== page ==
When the FBI first bought its own planes in the 1970s it was a minor scandal. But what’s so shocking about the feds having aircraft? The scandal was that they were originally experimental spy planes used in the Vietnam War.

The FBI has finally admitted to using fake aircraft companies to fly surveillance missions over US soil. This isn’t terribly surprising news, since the FBI has been doing this sort of thing for years. But the FBI didn’t always have its own air force.

The FBI acquired its first two planes from the US Army sometime in mid or late 1974 and stationed them in Los Angeles. Both planes were Lockheed YO-3As, designed with a decidedly retro body (think more glider than supersonic jet) that allowed them to quietly patrol the skies over Vietnam. The YO-3A was notable in that it never took a single bullet from enemy fire, due in large part to the fact that it was virtually silent.

As one syndicated article about the FBI’s air force from March 1975 explained: “In Vietnam the Army wanted a plane so quiet that it could not be detected by Vietcong troops on the ground even when it flew at an altitude as low as 100 feet.”

But it wasn’t just their stealthiness that made the planes interesting to the FBI. They also had night-vision capabilities, a new technology that had been developed by DARPA during the Vietnam War. The YO-3A was also notable for being the first plane to feature the lasers that would later be used for guided missile systems.

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Naturally, news of the FBI buying up surplus spy planes from the Army didn’t sit too well with many Americans. Even if one gave the FBI the benefit of the doubt, the general impression from a public relations perspective was bad. Planes coming home from an unpopular war overseas to be used to track Americans? Even if they were being used exclusively for hunting down criminals, it wasn’t a good look.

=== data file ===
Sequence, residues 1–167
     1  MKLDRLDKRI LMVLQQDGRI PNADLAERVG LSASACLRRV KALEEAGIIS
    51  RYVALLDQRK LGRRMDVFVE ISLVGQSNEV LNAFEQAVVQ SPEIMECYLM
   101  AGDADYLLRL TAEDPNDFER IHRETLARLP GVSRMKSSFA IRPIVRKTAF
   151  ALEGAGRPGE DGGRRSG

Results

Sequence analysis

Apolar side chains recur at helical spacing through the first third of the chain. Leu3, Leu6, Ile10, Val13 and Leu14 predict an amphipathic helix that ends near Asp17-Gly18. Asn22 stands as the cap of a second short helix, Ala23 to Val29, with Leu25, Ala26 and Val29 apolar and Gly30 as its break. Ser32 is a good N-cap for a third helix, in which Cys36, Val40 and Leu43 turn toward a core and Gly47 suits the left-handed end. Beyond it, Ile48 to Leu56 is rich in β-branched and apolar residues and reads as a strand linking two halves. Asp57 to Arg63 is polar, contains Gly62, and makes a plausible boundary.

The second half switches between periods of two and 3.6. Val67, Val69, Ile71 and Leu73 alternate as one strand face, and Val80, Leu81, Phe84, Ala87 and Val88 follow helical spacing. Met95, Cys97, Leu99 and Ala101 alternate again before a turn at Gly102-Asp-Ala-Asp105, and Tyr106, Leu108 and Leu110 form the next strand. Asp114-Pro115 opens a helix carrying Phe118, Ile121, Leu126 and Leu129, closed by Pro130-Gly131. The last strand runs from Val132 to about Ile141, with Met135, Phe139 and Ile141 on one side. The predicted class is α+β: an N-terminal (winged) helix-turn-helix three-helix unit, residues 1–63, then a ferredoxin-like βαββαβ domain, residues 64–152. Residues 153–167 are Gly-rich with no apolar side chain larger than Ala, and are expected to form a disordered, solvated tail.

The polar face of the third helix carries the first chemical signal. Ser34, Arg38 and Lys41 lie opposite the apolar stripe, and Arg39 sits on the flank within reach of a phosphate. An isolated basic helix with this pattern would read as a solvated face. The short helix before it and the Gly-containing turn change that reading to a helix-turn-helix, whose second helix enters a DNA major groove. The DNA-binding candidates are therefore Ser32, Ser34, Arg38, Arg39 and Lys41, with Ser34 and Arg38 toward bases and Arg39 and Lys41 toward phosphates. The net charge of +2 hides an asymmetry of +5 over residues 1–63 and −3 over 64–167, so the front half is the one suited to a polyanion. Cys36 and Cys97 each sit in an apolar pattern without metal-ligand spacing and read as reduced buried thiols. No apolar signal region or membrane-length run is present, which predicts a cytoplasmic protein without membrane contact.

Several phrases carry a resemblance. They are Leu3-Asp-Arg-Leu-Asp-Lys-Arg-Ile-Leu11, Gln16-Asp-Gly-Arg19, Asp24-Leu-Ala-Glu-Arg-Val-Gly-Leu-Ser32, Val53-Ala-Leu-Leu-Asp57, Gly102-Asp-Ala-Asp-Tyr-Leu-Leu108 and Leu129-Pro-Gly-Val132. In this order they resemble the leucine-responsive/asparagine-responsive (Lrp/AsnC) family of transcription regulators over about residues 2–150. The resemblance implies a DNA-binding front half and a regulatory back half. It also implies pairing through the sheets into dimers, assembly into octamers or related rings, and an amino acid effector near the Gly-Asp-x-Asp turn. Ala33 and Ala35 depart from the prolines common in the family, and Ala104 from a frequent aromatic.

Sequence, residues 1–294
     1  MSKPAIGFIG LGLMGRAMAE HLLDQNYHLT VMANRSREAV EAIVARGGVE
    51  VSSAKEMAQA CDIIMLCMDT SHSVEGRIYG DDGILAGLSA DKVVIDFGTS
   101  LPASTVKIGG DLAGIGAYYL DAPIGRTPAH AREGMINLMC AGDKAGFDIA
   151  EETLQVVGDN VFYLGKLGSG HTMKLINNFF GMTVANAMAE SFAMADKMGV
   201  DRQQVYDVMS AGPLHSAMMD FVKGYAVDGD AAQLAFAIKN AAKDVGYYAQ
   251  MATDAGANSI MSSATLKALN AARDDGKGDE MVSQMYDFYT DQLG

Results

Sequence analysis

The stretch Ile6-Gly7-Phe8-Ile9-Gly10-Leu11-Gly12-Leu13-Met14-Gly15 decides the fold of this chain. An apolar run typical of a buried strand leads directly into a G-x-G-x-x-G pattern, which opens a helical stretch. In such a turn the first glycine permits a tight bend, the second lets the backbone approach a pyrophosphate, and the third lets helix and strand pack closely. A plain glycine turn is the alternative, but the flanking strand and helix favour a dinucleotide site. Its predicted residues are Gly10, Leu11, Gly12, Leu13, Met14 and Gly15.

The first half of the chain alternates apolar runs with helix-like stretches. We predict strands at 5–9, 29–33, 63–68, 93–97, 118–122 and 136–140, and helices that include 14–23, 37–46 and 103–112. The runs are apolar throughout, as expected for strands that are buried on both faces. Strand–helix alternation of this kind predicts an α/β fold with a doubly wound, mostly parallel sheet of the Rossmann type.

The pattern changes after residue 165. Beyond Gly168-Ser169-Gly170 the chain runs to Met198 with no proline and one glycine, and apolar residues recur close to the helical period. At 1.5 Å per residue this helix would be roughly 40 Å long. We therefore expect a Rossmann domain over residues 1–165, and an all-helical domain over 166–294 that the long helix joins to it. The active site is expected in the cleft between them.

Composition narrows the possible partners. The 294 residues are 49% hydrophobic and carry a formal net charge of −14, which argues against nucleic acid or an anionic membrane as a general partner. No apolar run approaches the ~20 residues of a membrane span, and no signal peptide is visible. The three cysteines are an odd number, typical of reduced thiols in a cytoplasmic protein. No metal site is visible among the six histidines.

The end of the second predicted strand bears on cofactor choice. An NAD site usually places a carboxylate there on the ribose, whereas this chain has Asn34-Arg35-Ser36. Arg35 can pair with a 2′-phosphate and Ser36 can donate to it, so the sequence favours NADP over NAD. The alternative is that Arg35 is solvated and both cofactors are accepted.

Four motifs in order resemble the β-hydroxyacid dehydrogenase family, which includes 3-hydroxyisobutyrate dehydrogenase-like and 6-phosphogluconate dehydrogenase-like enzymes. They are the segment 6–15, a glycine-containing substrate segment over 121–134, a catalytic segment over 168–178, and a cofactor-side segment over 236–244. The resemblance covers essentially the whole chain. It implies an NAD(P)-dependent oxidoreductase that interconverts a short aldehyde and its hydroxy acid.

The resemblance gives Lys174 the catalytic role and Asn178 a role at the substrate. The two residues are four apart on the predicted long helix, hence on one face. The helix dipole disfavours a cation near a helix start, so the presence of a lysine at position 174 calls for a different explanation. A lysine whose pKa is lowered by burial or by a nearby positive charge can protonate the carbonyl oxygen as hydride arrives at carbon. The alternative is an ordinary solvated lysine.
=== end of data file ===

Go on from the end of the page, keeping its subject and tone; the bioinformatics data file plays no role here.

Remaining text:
The fact that the FBI was acquiring its own planes at all worried some in Congress, no matter the source. Until the mid-70s the FBI always borrowed the helicopters and airplanes of other agencies whenever it really needed them.

In 1975 Representative Les Aspin, a Democrat from Wisconsin, raised concerns that these planes were going from the battlefield to America’s skies: “The FBI has provided absolutely no justification for establishing its own air force,” Aspin said in 1975. “The bureau ought to get out of the air power business as soon as possible.”

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So why did the FBI want its own planes? The stated goal was to use these aircraft for trailing kidnappers and other aerial reconnaissance in Southern California.

“It’s strictly an experimental thing,” FBI special agent in charge at the Los Angeles field office said to reporters in 1975. “But we think the plane could be very effective in trailing cars involved in extortion or kidnapping plots, for example, or in rescuing kidnapping victims.”

The same FBI agent assured reporters in 1975 that these planes wouldn’t be used for transporting government employees or anything shady like that. They were simply for “investigative purposes.” These days government employees getting free rides in expensive planes would no doubt be a lesser scandal than surveillance planes stalking American skies.

Photo of a YO-3A in flight via YO-3A.com

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